Check out appoLearning.com, because your kids deserve the very best educational apps!
Well, it was nice while it lasted.
For one quarter in 2011, after announcing its earnings and smartphone sales in September, Samsung was king of mobile. In the third quarter of 2011, Samsung sold more smartphones than Apple for the first time, and the Android device maker became the global leader in smartphone sales by revenue.
But it didn’t last. Just one quarter later, spurred on by the release of the iPhone 4S, Siri and the holiday season, Apple retook the top slot, as TechCrunch reports. But according to numbers from Strategy Analytics, the margin is a thin one: Samsung accounted for 23.5 percent of Q4 smartphone market share, while Apple edged it with 23.9 percent. Apple shipped 37 million iPhones during the quarter; Samsung shipped 36.5 million.
But that single-quarter win for Apple is punctuated by a win for all of 2011 for Samsung. In terms of global market share for all of 2011, it’s Samsung that edged Apple, 20 percent to 19 percent. And it seems to be a close two-man race at this point, with other contenders, like the once great-and-powerful Nokia, slipping to third place with 77.3 million smartphones shipped for the year and 19.6 million shipped during Q4. Nokia holds 16 percent of the global market share for smartphones for 2011 – down from 33 percent in 2010.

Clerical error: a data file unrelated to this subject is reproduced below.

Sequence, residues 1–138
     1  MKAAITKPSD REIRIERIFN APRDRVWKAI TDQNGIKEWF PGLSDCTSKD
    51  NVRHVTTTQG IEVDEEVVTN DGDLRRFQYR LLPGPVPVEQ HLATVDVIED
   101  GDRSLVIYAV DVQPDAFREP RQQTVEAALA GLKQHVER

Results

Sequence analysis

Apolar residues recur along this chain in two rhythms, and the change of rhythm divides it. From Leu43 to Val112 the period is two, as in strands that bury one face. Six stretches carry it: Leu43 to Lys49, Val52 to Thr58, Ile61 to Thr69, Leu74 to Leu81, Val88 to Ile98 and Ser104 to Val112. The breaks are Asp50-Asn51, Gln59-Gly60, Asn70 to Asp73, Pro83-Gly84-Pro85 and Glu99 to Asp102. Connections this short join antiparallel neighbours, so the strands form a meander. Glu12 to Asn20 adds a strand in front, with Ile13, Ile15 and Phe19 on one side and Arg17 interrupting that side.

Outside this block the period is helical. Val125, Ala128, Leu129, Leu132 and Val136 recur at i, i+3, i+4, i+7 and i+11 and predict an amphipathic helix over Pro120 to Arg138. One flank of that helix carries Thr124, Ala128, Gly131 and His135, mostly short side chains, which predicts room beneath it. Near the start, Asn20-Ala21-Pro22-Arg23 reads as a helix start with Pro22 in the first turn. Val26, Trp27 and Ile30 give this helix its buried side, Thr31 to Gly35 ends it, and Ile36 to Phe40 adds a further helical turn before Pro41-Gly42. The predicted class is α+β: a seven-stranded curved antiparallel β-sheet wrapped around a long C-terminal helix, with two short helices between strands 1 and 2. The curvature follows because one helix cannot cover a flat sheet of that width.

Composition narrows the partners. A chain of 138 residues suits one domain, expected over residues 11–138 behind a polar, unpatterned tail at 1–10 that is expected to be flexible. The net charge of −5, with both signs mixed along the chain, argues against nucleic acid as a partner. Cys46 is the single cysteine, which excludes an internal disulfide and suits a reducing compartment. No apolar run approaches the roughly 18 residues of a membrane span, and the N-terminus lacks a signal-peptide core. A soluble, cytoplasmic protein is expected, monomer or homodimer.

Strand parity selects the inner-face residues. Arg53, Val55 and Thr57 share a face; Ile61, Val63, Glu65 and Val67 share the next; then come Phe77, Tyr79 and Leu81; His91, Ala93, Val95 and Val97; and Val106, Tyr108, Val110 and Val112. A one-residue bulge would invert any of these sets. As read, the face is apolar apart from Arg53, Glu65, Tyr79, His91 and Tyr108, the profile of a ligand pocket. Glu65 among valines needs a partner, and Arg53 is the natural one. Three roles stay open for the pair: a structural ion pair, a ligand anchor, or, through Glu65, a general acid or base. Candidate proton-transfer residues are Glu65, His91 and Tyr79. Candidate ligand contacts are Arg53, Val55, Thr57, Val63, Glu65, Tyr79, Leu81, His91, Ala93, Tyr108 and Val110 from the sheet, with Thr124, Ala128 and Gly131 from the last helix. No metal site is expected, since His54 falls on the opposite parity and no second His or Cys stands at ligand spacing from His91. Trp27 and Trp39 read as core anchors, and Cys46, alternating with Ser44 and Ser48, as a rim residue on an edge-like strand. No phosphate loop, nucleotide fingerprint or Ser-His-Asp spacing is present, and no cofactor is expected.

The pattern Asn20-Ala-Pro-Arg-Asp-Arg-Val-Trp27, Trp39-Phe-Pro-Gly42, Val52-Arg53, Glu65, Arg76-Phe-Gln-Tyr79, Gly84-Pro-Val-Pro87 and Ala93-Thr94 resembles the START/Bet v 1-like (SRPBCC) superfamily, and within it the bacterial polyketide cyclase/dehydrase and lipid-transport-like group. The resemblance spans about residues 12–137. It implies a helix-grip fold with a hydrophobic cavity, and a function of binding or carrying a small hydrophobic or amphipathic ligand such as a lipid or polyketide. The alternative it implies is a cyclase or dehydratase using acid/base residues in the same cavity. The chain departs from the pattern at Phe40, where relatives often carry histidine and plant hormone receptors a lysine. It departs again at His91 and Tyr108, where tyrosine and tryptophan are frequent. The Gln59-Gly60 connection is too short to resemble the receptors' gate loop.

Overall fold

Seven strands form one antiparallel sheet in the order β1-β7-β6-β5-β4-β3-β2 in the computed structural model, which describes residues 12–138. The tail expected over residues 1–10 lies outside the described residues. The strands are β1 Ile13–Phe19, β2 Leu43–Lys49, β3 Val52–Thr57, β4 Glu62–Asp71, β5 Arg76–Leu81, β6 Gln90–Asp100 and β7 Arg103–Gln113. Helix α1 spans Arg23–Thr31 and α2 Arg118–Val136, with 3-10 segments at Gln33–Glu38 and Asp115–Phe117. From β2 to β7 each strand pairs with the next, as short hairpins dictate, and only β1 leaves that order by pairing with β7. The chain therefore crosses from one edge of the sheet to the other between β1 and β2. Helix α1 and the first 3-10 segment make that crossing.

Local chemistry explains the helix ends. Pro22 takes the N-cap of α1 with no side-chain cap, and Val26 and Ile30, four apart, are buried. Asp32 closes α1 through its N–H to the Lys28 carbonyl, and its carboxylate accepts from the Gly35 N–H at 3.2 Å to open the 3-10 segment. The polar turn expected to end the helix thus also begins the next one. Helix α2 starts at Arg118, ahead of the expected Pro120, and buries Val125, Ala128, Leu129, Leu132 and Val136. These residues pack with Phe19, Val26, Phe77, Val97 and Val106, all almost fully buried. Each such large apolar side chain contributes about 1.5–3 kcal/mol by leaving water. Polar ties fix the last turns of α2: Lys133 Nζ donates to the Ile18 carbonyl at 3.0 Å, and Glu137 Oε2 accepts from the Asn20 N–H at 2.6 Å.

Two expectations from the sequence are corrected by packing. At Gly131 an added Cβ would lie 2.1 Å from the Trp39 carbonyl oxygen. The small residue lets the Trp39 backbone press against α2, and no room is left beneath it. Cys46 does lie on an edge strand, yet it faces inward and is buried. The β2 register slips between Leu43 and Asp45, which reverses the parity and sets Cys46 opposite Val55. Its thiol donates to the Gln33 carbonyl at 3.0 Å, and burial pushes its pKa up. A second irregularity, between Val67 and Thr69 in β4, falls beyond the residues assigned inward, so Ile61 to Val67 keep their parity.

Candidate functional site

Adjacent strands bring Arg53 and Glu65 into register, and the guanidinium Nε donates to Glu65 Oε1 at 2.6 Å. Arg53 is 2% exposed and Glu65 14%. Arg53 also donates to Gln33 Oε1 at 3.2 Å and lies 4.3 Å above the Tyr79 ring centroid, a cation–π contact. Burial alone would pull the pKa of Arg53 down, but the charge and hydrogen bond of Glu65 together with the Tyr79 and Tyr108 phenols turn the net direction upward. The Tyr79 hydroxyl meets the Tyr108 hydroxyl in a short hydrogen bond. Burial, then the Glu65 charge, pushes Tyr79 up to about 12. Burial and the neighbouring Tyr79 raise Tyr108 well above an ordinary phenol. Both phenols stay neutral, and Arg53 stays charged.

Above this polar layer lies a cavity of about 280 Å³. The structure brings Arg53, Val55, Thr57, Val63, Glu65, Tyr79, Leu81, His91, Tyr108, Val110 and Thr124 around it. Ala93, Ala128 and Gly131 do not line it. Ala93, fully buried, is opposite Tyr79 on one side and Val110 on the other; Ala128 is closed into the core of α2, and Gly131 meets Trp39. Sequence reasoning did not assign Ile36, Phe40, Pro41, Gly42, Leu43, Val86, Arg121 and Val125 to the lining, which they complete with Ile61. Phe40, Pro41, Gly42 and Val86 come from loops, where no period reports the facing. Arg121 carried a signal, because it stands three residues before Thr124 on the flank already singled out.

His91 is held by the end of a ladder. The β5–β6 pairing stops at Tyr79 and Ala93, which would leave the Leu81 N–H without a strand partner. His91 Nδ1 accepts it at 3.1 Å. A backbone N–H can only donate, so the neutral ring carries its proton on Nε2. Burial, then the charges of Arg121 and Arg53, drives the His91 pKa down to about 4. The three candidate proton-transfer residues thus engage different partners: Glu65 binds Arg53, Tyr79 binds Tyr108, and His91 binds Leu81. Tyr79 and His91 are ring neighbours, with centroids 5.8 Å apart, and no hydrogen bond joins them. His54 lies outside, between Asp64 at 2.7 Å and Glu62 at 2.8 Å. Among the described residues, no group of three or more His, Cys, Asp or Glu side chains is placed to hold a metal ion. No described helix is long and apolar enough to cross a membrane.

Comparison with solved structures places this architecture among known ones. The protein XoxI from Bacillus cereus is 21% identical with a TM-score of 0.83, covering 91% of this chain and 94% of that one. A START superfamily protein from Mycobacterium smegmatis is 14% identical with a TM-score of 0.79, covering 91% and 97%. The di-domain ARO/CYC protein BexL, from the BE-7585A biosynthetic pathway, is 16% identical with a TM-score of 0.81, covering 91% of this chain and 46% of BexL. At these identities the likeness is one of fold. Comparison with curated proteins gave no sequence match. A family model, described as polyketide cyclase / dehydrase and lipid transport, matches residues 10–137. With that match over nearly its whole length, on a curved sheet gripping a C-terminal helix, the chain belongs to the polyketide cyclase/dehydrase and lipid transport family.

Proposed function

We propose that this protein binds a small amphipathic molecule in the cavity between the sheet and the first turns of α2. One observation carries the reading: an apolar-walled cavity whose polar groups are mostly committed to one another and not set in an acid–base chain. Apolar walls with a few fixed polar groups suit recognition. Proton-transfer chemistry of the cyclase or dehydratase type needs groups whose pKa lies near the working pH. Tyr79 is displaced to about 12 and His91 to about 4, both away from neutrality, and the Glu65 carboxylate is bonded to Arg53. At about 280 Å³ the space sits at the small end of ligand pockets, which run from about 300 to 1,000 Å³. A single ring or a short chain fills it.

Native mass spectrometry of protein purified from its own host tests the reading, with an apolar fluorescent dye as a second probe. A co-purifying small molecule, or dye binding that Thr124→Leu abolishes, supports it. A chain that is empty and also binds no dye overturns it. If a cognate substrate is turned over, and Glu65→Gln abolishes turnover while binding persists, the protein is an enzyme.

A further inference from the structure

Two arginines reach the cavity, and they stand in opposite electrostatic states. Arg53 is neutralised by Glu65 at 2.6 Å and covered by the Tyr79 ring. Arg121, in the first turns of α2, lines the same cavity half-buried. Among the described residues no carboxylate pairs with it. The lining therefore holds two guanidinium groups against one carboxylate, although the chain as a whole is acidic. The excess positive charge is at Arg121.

The story of Samsung slogging it out with Apple is greater than just what’s happening on store shelves and in online shopping carts, though. Both companies are fighting each other pretty hard in court, as well, claiming all kinds of patent infringement in an attempt to get the competitor’s devices banned in various countries around the world. Apple has won a few victories, but legally, it’s a bit of a stalemate in most places.
The most recent legal update comes from Germany, GigaOM reports, where a second Samsung suit against Apple focusing on its devices’ use of 3G technology has been dismissed by a German court. The judge in that case didn’t specify any particular reason for the decision to dismiss the case, but it’s somewhat par for the course lately – Samsung’s 3G claims seem to have been mostly defeated in Europe under fair, reasonable and non-discriminatory licensing (FRAND) rules. Apple won some early victories claiming that Samsung devices infringed on the look and feel of its iPad and iPhone, but Samsung seems to have cleared those legal hurdles by redesigning its devices in the countries where Apple has won bans.
Given that both Samsung and Apple are doing quite well, that their neck-and-neck in terms of market share and that they both have money to spend, it seems the patent fights can be expected to continue in earnest. Expect the multifaceted smartphone race to remain hot and heavy this year, with the iPhone 5 expected in the summer and Samsung’s continual march of Android phones leveraging both 4G technology and the latest Android operating system, 4.0 Ice Cream Sandwich. For both companies, the race is much too close to call just yet.